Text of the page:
mini-Rend Chi, but without the location and about to enter combat
restrictions. With a solid 8 Body, I expect to see this played fairly
often as the 3rd FSS for anyone running the Seven Masters. Note that
being a Feng Shui site is also a drawback (as well as an advantage) -- it's
going to cost you in terms of power over a regular FSS if you can't maintain
a larger site structure.
Wu Man Kai
The Master of Wudang Mountain is a game
finisher, but a costly one. He reminds me of the Dark Future version
of Rhys Engel. Where he is going to kick-ass is on all the X fighting
characters -- discarding any card to smoke them is to prove randomly useful.
Boundless Heaven Sword
Utter dreck. Way too expensive and fragile. This is a Floating
Fortress when it should be a MegaTank.
I'm not sure if Superleap is worth 1 power -- I guess it is, but how often
do you see Flying Kick? Chi provides the Superleap, but a lot of the
hitter in your Chi providing deck are already going to Superleap anyways
(e.g. most of the Seven Masters). Magic provides the blasting ability,
but it's a tad expensive to use (2-4 power to smoke a
character, plus the 1 power to play the state). Of course, it's a big
deterrent after a burn for power when you got the ammo to protect the
location of the subject. The resource requirement is light enough to
play in any deck that can support the Seven Masters.
This card can be very strong, if you have
power to spare. Not that you have to spend the power, but you have to
have the power as a threat. This card works great after a burn for
power -- you have an invincible interceptor guarding at least one of your
columns. What really restricts this card is the resource requirement
-- It's going to take a while to see what combination of factions really
work for this resource requirement.
On a medium sized character, this is likely to get you +2-3 Fighting, and
+3-5 Fighting on a serious hitter. Without a gravy ability (like that
on Sword of the Dragon King), I don't think Six Dragon Sword pulls its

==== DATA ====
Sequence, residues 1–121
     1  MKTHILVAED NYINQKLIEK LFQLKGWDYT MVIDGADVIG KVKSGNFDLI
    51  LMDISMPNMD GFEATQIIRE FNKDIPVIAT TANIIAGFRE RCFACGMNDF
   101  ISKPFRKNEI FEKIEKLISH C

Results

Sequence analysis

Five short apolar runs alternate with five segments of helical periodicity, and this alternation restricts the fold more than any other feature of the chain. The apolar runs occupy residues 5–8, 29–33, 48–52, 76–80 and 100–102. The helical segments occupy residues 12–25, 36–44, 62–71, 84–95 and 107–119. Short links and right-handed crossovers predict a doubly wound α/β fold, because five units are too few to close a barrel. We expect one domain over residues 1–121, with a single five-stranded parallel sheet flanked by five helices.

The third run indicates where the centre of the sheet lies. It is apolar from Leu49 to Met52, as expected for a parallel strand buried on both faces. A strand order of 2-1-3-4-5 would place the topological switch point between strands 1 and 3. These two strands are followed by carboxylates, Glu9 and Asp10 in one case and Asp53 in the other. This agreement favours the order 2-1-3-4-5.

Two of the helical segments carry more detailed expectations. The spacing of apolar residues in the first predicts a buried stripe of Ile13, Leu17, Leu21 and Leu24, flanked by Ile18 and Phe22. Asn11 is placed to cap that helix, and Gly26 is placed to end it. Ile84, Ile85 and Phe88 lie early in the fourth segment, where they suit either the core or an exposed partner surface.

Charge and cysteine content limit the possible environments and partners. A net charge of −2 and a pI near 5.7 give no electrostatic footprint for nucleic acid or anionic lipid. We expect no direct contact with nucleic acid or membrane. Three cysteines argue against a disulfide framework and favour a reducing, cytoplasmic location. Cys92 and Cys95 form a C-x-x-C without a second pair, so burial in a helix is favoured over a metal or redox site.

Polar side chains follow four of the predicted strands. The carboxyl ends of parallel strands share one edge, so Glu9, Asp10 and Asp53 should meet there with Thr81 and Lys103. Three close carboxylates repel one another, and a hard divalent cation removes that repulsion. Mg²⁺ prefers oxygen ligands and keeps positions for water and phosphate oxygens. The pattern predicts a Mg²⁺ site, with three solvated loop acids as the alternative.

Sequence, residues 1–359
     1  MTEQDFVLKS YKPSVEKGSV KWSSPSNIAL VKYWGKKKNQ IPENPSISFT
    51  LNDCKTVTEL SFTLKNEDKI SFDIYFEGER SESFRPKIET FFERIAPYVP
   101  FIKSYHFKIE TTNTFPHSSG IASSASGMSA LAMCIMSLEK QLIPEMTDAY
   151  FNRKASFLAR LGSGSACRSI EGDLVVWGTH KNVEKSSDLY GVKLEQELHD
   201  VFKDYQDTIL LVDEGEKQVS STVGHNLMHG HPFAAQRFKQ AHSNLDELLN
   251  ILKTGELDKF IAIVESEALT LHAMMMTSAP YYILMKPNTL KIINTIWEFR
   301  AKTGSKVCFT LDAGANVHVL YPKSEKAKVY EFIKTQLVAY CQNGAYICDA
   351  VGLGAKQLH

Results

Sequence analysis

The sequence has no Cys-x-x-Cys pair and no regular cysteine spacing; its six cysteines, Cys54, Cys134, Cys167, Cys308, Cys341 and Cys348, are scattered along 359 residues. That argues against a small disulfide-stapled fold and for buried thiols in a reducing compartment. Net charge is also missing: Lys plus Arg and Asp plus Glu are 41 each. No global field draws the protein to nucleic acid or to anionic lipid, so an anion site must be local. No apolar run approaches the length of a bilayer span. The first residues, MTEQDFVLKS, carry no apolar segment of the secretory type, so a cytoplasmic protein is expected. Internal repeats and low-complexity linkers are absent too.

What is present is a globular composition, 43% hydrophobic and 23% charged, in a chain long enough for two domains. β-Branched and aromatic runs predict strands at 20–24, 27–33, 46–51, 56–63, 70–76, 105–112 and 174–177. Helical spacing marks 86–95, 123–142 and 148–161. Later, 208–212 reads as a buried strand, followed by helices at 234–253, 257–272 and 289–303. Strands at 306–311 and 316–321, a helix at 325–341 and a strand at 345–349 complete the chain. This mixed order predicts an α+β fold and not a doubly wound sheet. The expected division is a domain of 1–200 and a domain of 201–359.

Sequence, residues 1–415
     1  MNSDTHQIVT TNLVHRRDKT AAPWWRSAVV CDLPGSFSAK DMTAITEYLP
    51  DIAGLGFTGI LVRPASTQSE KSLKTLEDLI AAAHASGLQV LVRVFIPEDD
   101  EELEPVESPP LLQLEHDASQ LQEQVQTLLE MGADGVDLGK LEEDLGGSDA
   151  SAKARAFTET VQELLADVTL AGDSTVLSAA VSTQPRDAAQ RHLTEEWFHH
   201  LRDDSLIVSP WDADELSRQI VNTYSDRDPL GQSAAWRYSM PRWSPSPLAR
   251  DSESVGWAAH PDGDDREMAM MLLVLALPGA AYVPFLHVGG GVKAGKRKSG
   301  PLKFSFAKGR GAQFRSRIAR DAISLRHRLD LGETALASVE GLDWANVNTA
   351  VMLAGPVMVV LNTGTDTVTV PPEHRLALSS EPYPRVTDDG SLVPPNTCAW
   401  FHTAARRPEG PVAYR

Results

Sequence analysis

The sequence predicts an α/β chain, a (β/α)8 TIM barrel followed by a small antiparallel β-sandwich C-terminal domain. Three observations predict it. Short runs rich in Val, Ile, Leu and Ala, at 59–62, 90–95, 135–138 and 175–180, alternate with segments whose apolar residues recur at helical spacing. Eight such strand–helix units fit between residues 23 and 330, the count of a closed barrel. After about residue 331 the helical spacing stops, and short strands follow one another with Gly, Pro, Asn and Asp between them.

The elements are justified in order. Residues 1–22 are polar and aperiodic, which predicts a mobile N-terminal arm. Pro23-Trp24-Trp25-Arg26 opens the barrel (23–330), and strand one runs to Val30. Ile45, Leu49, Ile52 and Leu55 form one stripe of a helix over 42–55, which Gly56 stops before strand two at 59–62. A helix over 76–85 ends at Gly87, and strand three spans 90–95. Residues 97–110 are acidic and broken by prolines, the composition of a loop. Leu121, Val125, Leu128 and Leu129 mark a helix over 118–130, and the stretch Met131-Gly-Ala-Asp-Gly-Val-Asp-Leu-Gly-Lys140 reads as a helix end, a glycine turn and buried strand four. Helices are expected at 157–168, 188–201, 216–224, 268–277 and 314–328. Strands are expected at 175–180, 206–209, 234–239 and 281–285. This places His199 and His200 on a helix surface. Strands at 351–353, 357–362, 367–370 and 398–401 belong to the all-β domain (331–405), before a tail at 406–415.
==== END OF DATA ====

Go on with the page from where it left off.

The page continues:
weight. I think it would work best some sort of Can of Whupass deck
that you've worked Magic into. Sure, the Seven Masters get nice big
bonuses from this weapon, but they don't need it, and you're always going to
want another Fortune of the Turtle for any of this card when building your
While this card has an okay ability, the resource requirements are very
high, making it difficult to fit into many decks. Also, there are
already a fair number of 0-cost states that seem a little better that I
never seem to fit into decks (like King on the Water). Another problem
is that most of the characters that this would be played on probably will
have a good evasion ability or immunity, and won't need the Regenerate.
Here we have an improved Really Big Gun, but with a few tricks. I
expect to see the occasional Solar Sword deck, but I'm not sure how well it will
work. You need a Magic resource for the this weapon, and most of the Swords
characters are in Chi factions. It might actually make the old
Swordsman resource character playable in limited situations.
The Celestial Eye
If you can wait a few turns, this card can be devastating, blasting entire
columns. But, if your opponents give you the time that the Eye
needs to get going, they are chumps. The Eye has a reasonably high
resource requirement, and it's fragile nature means you are going to want to